Newspaper Archive of
Stone County Enterprise
Wiggins , Mississippi
August 12, 2015     Stone County Enterprise
PAGE 1     (1 of 40 available)        PREVIOUS     NEXT      Full Size Image
PAGE 1     (1 of 40 available)        PREVIOUS     NEXT      Full Size Image
August 12, 2015

Newspaper Archive of Stone County Enterprise produced by SmallTownPapers, Inc.
Website © 2019. All content copyrighted. Copyright Information.     Terms Of Use.     Request Content Removal.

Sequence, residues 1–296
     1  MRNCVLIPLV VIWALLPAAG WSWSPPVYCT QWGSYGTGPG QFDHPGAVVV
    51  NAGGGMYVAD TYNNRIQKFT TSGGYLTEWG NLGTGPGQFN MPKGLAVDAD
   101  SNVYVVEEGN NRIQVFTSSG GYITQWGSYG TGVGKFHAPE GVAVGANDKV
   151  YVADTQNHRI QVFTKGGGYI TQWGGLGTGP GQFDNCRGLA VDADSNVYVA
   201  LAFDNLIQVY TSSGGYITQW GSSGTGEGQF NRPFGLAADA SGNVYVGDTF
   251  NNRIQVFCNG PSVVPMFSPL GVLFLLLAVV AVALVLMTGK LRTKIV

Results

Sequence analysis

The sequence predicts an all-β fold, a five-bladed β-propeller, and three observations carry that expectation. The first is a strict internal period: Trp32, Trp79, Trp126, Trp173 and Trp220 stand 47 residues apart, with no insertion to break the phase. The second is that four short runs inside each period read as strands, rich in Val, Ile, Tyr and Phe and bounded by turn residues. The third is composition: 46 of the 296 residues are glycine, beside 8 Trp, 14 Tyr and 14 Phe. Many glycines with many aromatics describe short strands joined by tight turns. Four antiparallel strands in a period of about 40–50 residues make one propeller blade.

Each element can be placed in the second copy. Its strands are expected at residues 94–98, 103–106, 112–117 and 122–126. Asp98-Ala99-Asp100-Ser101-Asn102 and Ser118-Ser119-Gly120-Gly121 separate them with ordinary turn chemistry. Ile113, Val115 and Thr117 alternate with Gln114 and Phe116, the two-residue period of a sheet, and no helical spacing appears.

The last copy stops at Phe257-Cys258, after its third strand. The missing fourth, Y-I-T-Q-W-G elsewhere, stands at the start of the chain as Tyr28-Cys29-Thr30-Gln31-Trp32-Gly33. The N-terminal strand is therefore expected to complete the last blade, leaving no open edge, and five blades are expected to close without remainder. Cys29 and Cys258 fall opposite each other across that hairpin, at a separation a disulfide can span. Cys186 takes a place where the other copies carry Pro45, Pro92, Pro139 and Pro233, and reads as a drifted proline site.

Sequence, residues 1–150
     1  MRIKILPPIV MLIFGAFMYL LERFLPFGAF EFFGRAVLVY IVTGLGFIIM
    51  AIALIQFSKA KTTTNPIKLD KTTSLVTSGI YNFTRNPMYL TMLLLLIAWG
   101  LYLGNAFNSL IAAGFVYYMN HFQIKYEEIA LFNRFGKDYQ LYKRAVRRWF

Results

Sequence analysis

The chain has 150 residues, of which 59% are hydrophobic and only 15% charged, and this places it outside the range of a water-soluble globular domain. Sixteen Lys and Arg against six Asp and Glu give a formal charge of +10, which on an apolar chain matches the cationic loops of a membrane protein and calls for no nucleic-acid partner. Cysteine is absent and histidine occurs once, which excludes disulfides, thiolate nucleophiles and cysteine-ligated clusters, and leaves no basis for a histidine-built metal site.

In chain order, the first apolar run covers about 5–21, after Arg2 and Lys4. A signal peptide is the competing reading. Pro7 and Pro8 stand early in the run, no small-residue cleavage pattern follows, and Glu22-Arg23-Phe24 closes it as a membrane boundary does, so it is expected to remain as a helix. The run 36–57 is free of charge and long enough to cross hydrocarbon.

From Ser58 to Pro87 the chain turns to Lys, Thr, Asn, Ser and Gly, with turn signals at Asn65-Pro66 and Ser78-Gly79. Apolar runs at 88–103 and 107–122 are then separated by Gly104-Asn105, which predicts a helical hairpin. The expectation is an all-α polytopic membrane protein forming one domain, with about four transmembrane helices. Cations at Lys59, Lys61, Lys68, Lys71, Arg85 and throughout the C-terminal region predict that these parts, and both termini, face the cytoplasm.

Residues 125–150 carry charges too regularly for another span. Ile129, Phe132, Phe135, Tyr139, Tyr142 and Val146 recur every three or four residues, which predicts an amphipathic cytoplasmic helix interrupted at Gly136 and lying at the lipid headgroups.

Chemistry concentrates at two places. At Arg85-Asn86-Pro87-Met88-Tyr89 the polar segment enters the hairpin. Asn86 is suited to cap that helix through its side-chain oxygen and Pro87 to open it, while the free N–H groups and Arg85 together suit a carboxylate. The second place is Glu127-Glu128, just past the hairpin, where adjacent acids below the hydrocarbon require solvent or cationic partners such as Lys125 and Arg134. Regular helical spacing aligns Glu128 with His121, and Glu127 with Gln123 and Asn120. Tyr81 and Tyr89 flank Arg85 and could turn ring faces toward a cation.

Wednesday, August 12, 2015 $1.00 Wiggins, Miss. Vol. 100, No.32 USPS 522-300 Your Since 1916 By dody O'Hara tion of purchasing the BLUA operations is the receive association, fact the association has bills Stone County "Something be a rath !t.arge fin r i-a Utility Authority is set to done," said authorityobligation to the United inter- seek a management member Charles Davis.States Department of mit- agreement with the Big "There seems to be a lot Agriculture Rural tently. Level Utility of mismanagement (of Development. Authority mem- Association. the BLUA)." "They owe the USDA ber Mary Havard In late June, the There is uncertainty well more than $1 mil- does not want to see authority had discussed over who even owns orlion with interest and the SCUA assume the purchase of the controls the Big Level penalties," said SCUAoperations only to financially troubled system. Chairman Dick O'Neal.have control taken association. It operates under theFor a very long time,back after a year's Authority Attorney auspices of the Carnes billing for water hasworth of hard work. Sean Tindel said he Utility Association, Inc., been spotty at best. She said the SCUA intended to meet with but Tindel said it Some customers seemed to be the only state officials in Jackson appeared that board had receive bills while others entity who sees some- and try to determine if only had one or two do not. thing wrong with the they would be agreeable meetings over the past Some customers current administration to the authority manag- year. haven't received a bill in of the authority. ing Big Level for a peri- One problem in upwards of two years. od of time in anticipa- assuming control of Some customers -Please m, W&lllBII, page 2 A resident questioned the City of Wiggins Board of Aldermen as to how much time a property owner has to bring a blighted property up to standards. A house at 1126 Rankin Ave. was found to be in danger of final collapse and pub- lic hearing held last month will allow the citY to move forward on mitigating the danger posed to the public safety and welfare by the house and several other properties within the city limits. Enterprise photo by Jody O'Hara. By Jody O'Hara She said the owner ofcollapse," she said. "The City Attorney Rebecca 1126 Rankin Ave., brick veneer of the Taylor also informed A resident questioned Jonathan Williams, structure has separated Husband there were the City of Wiggins worked out of town, had from the walls and brick serious issues concern- Board of Aldermen cleaned up the property ties weren't installed ing title to the property Tuesday as to how much and intended to work on when it was built andin question. time a property owner the structure occupying those bricks pose a dan- She said she'd hate to has to bring a blighted the lot. get." see a person who property up to stan- She questioned Ward 1 Alderman believed they held clear dards, whether the structureDarrell Berry told title to a property invest Elva Husband said a was as unsound as theHusband he had com- in the renovation of said family member owned city claimed, municated with the property only to find the one of the structures the Land Code property owner and had deed in question. city held public hearings Administrator Misha recognized the fact The city had held pub- on two weeks ago and Parker said the structure progress had been made lie hearings on seven he had made substantial had been inspected byon the property, separate properties July progress in cleaning up an engineer and was "If he's willing to make 28 and Parker informed the property, decidedly unsafe, the effort to bring the the Board of Aldermen "How much time does "The ceiling has property into compli-progress had been made a person have to deal already collapsed andance with the land code, on four of them. with their own prob- rot and fire damage to we're willing to work lem," she asked the the walls has left the with him," he said. "He board, structure in danger of is aware of that." -Please see, ,~dMF~ page 2 By Jody O'Hara David Allen Hoffman may want to consider controlling his temper. The a5-year-old Wiggins resident got into a verbal altercation with another man while riding in a vehicle on Hwy. 26. He didn't handle it well. "From my understand- ing, they got into an argument about the power cord to a com- puter," said Wiggins Police Department Investigator Roger Freeman. "Hoffman allegedly struck the other man in the back of the head while he was driving." The victim dropped Hoffman off and made a complaint to the police. Charged with simple assault and petit larce- ny, Hoffrnan faced a - Please see, llSSMILl[,page 2 By Jody O'Hara The Mississippi Public Service Commission has. ordered Mississippi : Power to refund rate increases associated .: with the Kemper coal- gasification power gen- erating plant. The company had said ii the rate increases were ":: necessary to cover the ! costs of construction of the plant, which has yet :i to produce power through the coal-gasifi- cation process. "A bill credit will auto- matically be placed on each eligible customer's account on Oct. m.," said company spokesman Jeff Shepard. "Customers who elect to receive a check rather than receive a bill credit may contact Mississippi Power beginning Oct. 12. "Former customers will receive a refund check, mailed to their last known mailing address." Former customers may have to notify the com- pany if their address has changed. The MPSC voted 3-0 to comply with a Mississippi Supreme Court order which found a 2Ol3 rate increase for the $6.2 billion plant to be illegal. The company, a unit of the Atlanta-based Southern Company, must begin a rollback of the 18 percent increase with the August billing cycle, which began July 20. Company attorney Ben Stone told the MPSC in July that a 1,ooo kilo- watt-a-month residen- tial customer would be due between $500 aiad $600. An average residential customer uses more than 1,ooo kilowatts- per-month and would thus be due an even larger refund. New, lower rates will not last for long. Mississippi Power says it will use state law to enact a rate increase on Sept. m if the commis- sion doesn't approve one by then. -Please see, IPlllllEl, page 2